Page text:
NBC Sports Group’s coverage of the Winter Olympics from Pyeongchang, South Korea has dominated TV ratings during the games’ first four days, results that compare favorably with those of the early stages of the previous Olympics.

Highlighting the strong start, last Sunday’s primetime coverage pulled in an average total audience of 26 million across broadcast, cable and digital platforms, according to data from Nielsen and Adobe Analytics. The total represented nearly three times the combined 9.5 million primetime viewers for ABC, CBS and FOX.

NBC officials described the numbers as the “most dominant” Sunday night ever during a winter Olympics covered by the Stamford-based broadcaster.

The Opening Ceremony last Friday drew an average total audience of 28.3 million. The event ranked as the most-watched Friday night program on any network since the 2014 Sochi Olympics.

Primetime coverage of last Saturday’s action amassed an average total audience of 24.2 million, compared with 23.5 million for the opening Saturday of the 2016 summer Olympics in Rio de Janeiro.

On the games’ opening day last Thursday, the primetime programming averaged a total audience of 17.2 million viewers. It represented the most-watched Thursday night program on any network since the Sept 7, 2017, NFL kickoff game featuring the New England Patriots and Kansas City Chiefs that was watched by 22.2 million.

The programming featured NBC’s first live coverage of the winter games across all U.S. time zones, including simultaneous coverage on the NBCSN cable channel, NBCOlympics.com and the NBC Sports app.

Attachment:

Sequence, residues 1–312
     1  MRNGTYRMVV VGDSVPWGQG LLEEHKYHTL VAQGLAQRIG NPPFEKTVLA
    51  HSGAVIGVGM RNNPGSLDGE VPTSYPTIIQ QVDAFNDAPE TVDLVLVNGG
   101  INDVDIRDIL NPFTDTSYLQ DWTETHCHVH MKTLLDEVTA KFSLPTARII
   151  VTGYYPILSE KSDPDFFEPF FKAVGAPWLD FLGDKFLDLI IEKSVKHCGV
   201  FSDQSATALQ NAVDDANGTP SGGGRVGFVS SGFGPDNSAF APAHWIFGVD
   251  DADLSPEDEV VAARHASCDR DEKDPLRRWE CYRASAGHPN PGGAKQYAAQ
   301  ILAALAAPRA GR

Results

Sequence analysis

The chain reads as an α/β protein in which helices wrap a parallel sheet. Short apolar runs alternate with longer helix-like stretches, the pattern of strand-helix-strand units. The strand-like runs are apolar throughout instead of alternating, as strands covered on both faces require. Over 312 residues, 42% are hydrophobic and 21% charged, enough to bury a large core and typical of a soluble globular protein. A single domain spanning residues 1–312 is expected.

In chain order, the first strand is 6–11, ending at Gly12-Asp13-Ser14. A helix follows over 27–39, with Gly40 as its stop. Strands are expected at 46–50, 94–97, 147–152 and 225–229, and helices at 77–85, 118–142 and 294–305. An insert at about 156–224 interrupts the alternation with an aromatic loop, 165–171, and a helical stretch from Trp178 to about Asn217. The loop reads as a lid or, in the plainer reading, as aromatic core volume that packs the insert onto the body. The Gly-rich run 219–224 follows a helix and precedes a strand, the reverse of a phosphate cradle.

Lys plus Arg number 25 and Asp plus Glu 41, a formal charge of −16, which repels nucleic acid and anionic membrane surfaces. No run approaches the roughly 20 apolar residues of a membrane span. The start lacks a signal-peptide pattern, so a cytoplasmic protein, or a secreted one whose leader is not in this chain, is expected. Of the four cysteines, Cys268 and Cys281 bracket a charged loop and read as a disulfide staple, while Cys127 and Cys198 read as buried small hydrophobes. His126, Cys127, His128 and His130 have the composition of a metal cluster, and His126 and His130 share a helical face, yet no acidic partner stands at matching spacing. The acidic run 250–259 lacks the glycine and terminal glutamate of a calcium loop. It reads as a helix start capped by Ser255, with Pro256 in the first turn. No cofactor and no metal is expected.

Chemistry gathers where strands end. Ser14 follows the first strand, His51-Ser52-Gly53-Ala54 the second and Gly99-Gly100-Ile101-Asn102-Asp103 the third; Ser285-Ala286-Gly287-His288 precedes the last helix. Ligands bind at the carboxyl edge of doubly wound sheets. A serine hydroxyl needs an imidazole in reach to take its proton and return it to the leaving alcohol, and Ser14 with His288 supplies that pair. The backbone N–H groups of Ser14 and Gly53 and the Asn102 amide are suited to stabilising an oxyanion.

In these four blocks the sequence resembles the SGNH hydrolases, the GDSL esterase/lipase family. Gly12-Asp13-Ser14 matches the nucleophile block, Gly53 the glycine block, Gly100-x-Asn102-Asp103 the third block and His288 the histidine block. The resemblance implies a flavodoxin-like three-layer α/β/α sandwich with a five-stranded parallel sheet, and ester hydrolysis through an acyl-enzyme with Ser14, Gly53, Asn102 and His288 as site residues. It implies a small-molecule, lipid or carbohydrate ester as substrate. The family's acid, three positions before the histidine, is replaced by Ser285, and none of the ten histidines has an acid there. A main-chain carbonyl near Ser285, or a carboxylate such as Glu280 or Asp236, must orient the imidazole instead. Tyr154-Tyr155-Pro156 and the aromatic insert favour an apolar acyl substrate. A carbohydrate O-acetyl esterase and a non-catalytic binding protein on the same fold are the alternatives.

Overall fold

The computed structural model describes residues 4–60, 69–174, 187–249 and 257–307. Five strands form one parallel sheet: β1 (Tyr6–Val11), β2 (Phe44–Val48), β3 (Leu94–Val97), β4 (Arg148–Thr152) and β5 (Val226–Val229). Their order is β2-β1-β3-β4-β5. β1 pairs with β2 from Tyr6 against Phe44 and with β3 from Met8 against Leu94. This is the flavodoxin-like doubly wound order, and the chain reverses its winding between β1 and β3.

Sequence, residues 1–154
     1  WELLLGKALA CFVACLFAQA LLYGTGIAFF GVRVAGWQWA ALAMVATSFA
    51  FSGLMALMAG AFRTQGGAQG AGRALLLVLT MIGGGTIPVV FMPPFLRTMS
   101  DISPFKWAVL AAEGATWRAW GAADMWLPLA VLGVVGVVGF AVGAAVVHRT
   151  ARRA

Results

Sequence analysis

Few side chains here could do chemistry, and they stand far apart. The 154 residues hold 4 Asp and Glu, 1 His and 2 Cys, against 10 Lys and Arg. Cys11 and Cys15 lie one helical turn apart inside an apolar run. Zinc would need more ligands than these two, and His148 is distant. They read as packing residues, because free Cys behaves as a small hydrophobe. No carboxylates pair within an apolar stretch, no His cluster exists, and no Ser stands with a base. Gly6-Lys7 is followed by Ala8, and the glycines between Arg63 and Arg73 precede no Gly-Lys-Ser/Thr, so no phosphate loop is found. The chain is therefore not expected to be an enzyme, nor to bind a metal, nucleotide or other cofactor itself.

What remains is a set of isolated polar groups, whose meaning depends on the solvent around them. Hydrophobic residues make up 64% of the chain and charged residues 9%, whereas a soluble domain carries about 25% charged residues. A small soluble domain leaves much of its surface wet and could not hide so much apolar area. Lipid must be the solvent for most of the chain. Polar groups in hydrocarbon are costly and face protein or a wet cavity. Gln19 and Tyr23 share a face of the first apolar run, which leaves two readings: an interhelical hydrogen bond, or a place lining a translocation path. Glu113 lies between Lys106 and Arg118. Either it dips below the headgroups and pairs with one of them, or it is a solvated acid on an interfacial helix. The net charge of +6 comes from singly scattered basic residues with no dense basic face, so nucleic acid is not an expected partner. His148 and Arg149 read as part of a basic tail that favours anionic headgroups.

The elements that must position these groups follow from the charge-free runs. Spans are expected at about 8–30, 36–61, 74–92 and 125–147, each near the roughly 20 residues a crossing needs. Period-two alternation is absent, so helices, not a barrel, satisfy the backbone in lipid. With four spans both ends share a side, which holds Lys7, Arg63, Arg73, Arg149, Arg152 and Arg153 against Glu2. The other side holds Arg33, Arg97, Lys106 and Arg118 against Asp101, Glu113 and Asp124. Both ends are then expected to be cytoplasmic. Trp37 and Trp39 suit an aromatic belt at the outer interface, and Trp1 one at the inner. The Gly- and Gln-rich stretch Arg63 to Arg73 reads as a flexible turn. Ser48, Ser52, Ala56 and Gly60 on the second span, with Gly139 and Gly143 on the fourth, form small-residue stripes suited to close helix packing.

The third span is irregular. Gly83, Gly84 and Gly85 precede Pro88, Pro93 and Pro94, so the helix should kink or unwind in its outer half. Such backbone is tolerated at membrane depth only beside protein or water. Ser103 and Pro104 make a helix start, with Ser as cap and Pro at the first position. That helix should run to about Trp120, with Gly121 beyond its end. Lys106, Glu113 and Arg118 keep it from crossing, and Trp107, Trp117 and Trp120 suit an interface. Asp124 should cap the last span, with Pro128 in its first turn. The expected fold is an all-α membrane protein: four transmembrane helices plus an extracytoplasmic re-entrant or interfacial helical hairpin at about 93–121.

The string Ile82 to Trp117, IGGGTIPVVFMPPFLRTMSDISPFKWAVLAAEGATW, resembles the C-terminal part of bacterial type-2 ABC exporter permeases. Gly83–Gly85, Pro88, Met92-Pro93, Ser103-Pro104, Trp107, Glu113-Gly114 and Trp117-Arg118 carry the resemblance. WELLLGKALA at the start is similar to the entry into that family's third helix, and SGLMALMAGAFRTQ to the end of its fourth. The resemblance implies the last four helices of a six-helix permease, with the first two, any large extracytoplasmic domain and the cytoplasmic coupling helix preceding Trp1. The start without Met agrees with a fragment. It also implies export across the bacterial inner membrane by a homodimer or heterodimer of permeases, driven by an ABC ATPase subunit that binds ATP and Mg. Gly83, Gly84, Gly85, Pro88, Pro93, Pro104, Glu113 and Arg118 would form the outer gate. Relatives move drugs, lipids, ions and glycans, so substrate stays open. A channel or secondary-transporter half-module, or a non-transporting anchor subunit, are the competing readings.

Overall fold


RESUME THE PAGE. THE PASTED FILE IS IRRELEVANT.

Some 6,850 miles away from Pyeongchang, NBC Sports’ headquarters on the East Side of Stamford plays a crucial role in delivering the programming.

The headquarters includes a digital hub known as the Highlights Factory. In that room, a team of about 40 monitor live-streams, log and edit clips, and create video packages. The Highlights Factory is producing about 100 videos each day during the games.

“It’s driven by a team of interns who we train to watch Olympics and look out for the kind of things that might not be obviously interesting, but are interesting,” Eric Hamilton, NBC Sports’ director of digital Olympic video production, said in a recent interview. “At the end of the day, we know all the top stories and have not only footage from which we can cut highlights, but we also have the ability to get all kinds of behind-the-scenes content.”

At the same time, the Stamford center continues to produce content for other sports including the NHL and English Premier League soccer.

pschott@scni.com; 203-964-2236; twitter: @paulschott